I am in good company, though. There are eleven of us plus our teacher. Our teacher is a Dane (selvfølgelig!) and then we have three Spaniards, a Romanian, a Frenchman, a Croat, a Nigerian, a Pakistani, a German, an Austrian, and me. We come from different backgrounds: three physicists (yeah, really!), a mathematician, two designers, an architect, a programmer, a psychologist, a business student, and a banker. We have our classes on Tuesdays and Thursdays in late afternoon. Each class goes for 2.5 hours plus 10-20 minute break. We usually have pronunciation and dialogue training which we either do individually or with 1-2 partners (depending on how many people turn up). It is now halfway through our module (module 1.1), and the material is getting more difficult. There are plenty of new words and new phrases to remember, and it is obvious that everyone is a bit overwhelmed. But it is good to see that no-one has dropped out yet. The next module (module 1.2) will start straight after this one finishes. The people I talked to said that they wanted to take some time off for a while and then pick up module 1.2 in the next cycle (each module takes 6 weeks to complete). I am also thinking the same. However, the downsides of taking the time off are: we might forget some of the material that we’ve learnt, and we won’t get the same teacher. We all like her; she’s very good and patient with us. So maybe I’ll continue on until I at least finish module 1.2 (i.e. the entire module 1). We’ll see. But at the moment, I am certainly enjoying the classes. And in any case, we will all go out to celebrate the completion of module 1.1.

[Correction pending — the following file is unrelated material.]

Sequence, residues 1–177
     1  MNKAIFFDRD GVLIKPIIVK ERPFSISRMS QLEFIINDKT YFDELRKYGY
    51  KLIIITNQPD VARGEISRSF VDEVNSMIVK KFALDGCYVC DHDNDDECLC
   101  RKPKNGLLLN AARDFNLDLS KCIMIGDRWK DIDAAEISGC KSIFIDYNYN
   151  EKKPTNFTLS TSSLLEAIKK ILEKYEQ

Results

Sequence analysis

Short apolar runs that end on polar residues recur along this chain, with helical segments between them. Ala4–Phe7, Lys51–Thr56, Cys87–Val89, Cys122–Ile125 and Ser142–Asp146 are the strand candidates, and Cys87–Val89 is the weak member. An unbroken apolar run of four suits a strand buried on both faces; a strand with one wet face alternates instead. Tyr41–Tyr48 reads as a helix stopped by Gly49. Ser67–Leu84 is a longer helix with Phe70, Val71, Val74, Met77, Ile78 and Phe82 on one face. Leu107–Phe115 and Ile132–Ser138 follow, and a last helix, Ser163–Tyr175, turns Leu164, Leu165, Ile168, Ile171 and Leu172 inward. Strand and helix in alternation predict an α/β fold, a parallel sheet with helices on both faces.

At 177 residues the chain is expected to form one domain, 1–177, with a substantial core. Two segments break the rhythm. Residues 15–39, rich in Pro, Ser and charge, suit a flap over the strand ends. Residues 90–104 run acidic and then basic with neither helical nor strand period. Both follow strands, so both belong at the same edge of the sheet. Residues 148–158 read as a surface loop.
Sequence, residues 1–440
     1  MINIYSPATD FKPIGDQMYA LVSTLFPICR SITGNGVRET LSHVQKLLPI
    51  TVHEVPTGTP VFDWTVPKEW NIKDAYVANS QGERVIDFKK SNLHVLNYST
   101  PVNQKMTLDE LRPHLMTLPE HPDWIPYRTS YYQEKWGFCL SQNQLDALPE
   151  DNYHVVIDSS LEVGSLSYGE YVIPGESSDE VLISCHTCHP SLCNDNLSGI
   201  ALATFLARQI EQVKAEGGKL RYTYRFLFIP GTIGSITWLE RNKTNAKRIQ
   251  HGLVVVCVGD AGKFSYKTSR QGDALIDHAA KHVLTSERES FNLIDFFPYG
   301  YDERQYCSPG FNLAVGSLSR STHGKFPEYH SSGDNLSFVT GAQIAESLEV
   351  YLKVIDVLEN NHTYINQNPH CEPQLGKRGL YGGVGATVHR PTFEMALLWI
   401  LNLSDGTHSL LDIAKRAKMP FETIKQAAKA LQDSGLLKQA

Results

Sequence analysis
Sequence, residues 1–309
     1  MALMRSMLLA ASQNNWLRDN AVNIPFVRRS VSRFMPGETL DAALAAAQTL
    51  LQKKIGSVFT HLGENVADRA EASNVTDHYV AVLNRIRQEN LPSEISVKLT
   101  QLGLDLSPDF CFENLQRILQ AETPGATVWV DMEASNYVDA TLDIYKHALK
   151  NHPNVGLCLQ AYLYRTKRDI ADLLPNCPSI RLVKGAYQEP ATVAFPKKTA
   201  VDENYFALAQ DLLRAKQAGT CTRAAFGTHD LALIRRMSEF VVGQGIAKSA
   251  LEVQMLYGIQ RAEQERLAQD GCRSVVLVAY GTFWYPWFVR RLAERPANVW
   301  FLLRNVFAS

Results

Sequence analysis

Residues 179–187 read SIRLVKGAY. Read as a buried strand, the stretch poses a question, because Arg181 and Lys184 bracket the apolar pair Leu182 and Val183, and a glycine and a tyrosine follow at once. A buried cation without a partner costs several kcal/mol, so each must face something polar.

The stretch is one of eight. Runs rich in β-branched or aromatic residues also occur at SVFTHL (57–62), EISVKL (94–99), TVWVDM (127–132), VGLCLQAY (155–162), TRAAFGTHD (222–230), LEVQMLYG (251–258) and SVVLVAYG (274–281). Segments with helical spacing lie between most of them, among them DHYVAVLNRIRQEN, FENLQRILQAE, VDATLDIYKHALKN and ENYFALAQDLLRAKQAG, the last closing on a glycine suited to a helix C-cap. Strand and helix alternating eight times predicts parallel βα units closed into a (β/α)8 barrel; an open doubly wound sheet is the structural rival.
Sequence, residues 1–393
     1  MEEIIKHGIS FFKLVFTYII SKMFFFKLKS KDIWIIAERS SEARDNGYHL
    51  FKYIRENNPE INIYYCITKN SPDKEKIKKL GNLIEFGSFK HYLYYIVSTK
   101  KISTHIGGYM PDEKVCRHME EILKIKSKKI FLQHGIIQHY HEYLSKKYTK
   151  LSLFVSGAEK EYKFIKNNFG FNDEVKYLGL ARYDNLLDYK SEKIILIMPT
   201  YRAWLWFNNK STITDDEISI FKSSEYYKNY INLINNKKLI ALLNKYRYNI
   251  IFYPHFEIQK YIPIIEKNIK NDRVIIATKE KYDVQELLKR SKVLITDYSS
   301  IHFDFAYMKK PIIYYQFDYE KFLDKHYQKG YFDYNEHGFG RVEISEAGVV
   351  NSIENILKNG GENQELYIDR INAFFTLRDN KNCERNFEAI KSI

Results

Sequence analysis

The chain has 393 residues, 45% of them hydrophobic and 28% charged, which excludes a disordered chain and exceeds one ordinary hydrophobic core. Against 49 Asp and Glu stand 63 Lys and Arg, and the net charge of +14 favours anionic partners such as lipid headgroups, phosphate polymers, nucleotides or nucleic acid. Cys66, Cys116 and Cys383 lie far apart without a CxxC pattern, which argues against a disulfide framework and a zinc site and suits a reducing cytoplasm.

Thesis defence

Yesterday I attended my first (Masters) thesis defence. This was a new experience for me, as there is no such thing as a thesis defence in Australia. The format was 30 minutes of presentation aimed at a general audience followed by 30 minutes of question time.

The presentation was open to public. In yesterday’s case, the presenter’s family (including grandparents!) came, along with pretty much everyone in the group. The question time, on the other hand, was done behind closed doors. There were just the presenter and her two examiners, while the rest of us shuffled to the lounge room. Some of us helped the presenter’s parents to take some food out of their car.

Oh, the food. It was a (bite-sized) feast! There were finger food and some cakes. They really do take their thesis defence seriously in Denmark! Of course, I only have one data point at the moment, so I can’t tell if this is a typical thing or not.

After question time, the presenter (and her examiners) came to the lounge with a look of massive relief on her face. She and her supervisor gave a short speech, and then the merriment began.

I actually found the whole experience to be quite nice. There are some similarities with what we currently have in Australia anyway. In Denmark, you have to hand in your thesis and then prepare your presentation/defence. In Australia, the thesis defence is like your final talk, which you typically give before handing in your thesis. So I guess it’s not all that different.